Wednesday, May 19, 2010
Charlotte, Torben and 37 kilometres of travel
Today was an unusual day. For the first time got up at 5.30 a.m. with the intention of traveling some distance. I am starting to worry that I may not have allotted sufficient time to get to Santiago de Compostela. I was also a little concerned that I needed to be well on my way before the sun was at its most intense. Found that the battery on my flashlight was almost completely depleted. Therefore, without waking my fellow travelers, I was floundering about in the dark trying to pack a backpack
I was on the road by 6.15 a.m. just a little after first light. By early evening, I had set a record and exceeded my own personal best distance and was 37 kilometers closer to my destination. Despite the crossing of a mountain range that included a differential of over 500 meters, I found that the ascent was comparatively easy. My cardio vascular is excellent. The descent seemed to increase the pain in my shins. With an evening meal inside me and copious amounts of red wine, the world is fine again. The weather has gone from unseasonably cold to unseasonably hot. Certainly, the camino has the ability to test. I am now in a little town called Molinaseca - just 8 kilometres before Ponferrada.
Have heard that a Spaniard on my path today had to be rescued by helicopter because of heatstroke. This camino requires vigilence, without which you can easily be taken out of the picture. It is essential to stay in the present.
Have met some interesting people along the way. The first was Charlotte, who is originally from South Africa but has been living in Germany with her husband. She is 67 years old and was a violinist with a leading orchestra in Germany. Her husband was a bassoon player. She decided to come on El Camino because her husband has always organised all aspects of her life. She fears that if he were to die, she would be incapable of taking care of the minute details of daily life. So here she is along on the camino. She tells me about her children, one of which is also a bassoon player and married to a flautist. The children had met at the University of Freiburg, when they were students of William (Wib) Bennett. Six degrees of separation because Wib had conducted private lessons at my house in Toronto.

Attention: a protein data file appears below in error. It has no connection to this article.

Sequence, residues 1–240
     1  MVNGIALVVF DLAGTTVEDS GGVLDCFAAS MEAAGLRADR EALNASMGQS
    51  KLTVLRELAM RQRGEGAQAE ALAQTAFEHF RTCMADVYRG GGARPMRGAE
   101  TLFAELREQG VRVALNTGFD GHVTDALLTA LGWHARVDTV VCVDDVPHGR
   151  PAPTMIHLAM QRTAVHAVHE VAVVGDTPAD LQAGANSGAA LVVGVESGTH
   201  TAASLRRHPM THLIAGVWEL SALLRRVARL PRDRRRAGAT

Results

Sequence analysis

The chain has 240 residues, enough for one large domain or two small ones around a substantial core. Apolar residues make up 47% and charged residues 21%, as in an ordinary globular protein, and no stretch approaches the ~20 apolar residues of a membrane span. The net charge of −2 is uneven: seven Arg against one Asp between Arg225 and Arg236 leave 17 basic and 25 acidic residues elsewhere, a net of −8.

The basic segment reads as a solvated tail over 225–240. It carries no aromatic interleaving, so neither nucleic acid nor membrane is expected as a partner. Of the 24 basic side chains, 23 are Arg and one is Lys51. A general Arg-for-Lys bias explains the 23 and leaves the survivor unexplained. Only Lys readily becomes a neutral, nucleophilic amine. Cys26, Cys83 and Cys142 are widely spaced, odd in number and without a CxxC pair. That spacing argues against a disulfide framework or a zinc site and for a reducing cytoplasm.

I have asked her whether if, in walking, she hears music? Yes indeed she does, but it is not classical, but more a rhythmic four breaths in and three breaths out. My own music, with the 30 degree temperatures, are the music scores of Sergio Leone movies - the Good, the Bad and the Ugly. Occasionally, I will move into Ten Green bottles.
The second person along the route was Torben who introduces himself as "Torben and I am 125 kilos." Grammatically, he is correct. However, that is not who he is. He is a man who does neuro linguistic programming and he has a personality that is inspiring.He says that he is on the Camino because, with his weight problem, he would rather died here than die in front of a computer at home. Along the way, I see a young man running up hill towards us - crazy in this intense heat. It turns out that this is his son who had gone on ahead to book accommodation and who has returned with fresh water. Their embrace brings a tear to my eye.
Almost at the summit of this mountain range, I came to a monument called the Cruz de Ferro (Iron Cross) set upon a huge pile of stones. This marks the border between the land of the Maragatos and the region of El Bierzo. Adding a stone from home to the pile is an important modern pilgrim ritual. It is an exercise in letting go - perhaps a relationship that has disintegrated, the death of a loved one, or just a symbol of some aspect of the self that no longer works. I found myself overwhelmed by the energy and intensity of what was there. Some had inscribed their stones, some had written love poems and in one corner was a picture of three children between the ages of six and ten who had died in a car crash. What unbearable pain.